At some point in your journey to master collaboration, you will have a realization — people are a problem. Working with power structures can be challenging, especially if you don’t happen to have a lot of authority in the system. And people are irrational and messy, which is why organizations create structures in the first place, to help guide our decisions and establish ways to control and command. Cyd Harrell knows all about these kinds of structures as someone who has made a big push in the last few years to bring innovation and inclusivity to the US Government. As a leader at 18F, the digital services arm of the government, Harrell has worked with huge governmental agencies, elected officials, and political appointees, and she’s seen first-hand the challenges of bringing a collaborative approach to command and control cultures.

“Some kinds of hierarchy are not conducive to good collaboration,” she says, “but you have to find a way through anyway. That culture exists for a reason, and many of your stakeholders have a great deal invested in it.” Civil servants and government agencies typically have a much longer tenure than you find in Silicon Valley, and many people work hard for years to attain a level of authority and power that they aren’t eager to shove aside in the interests of being “transparent” and non-hierarchical. These organizations have succeeded in large-scale often high-risk situations because they employ what Harrell calls a “submit and review” approach where ideas are taken to a final state where a gate-keeper has the power to approve or reject the work in a single blow. In that model, more senior people are seen as experts whose point of view is critical to be aligned with. Conversely, those who are elected or appointed, might serve short tenures, with a great deal of authority, and priorities and perspectives change once that person has been replaced or voted out of office. Both of these forces tend to make collaboration hard, or nearly impossible.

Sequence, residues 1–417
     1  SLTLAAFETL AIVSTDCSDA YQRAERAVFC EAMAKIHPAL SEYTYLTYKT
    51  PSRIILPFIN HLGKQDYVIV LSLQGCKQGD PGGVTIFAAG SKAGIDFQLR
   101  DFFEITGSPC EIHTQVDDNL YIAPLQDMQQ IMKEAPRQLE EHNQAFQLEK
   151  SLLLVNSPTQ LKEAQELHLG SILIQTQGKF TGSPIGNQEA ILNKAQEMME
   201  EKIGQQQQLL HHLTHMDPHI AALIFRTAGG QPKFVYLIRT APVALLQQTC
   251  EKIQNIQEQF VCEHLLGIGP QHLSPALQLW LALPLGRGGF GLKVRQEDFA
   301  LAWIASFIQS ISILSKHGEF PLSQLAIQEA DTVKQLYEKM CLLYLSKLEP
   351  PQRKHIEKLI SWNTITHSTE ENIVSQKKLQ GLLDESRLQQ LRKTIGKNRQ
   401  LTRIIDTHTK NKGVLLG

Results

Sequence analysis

But, Harrell says, at the same time, you can’t get around these cultural forces. Approaching collaboration in this setting without respecting the system and structures is likely to have bad effects. When I naively offered some ideas I’ve seen used to break through power imbalances and help create a different vibe in a team, Harrell was quick to correct me. “You can’t make changing the culture central to your success” in an environment where so many are so invested in its structure. And trying to go around it might end you up in hot water, having violated the chain of command by going to a senior influencer. Asking people lower on the totem pole to speak up in front of more senior people can also backfire, since the system doesn’t reward new ideas as much as it rewards supporting the hierarchy.

The US Government is one specific culture, and Harrell has learned how to navigate it, rather than fight it during her tenure. Her approach is a simple one, bring great deal of empathy for your stakeholders, however reluctant, and don’t force it. Rather, create a space where the rules and systems are paused or changed temporarily and invite them in. Or, run your collaborations cloaked within a command and control mode where you slow down to the pace required to continually seek reviews and approvals from those who matter more than others. The trick is to acknowledge to yourself and the team, that the situation simply requires another iteration or two to bring the sticky stakeholder along. Since you are always showing “finished” work, you must be willing to be “wrong” so that a meaningful conversation can be had about what’s not working and how it might be fixed.

Erin Meyer is an author and researcher who’s done a lot to map out the ways in which cultures differ which in turn helps you navigate them. The spectra below list the kinds of things you should think of when creating diversity on your team, or understanding what you have, and where conflict might be coming from.

Erin Meyer’s culture map

So, be intentional about involving “everyone” to get the diversity you need, while maintaining the sanity you deserve. By understanding power differences, and openly discussing cultural differences, whether they are based on nationality, or background, or skill set, you will help create a more harmonious collaboration.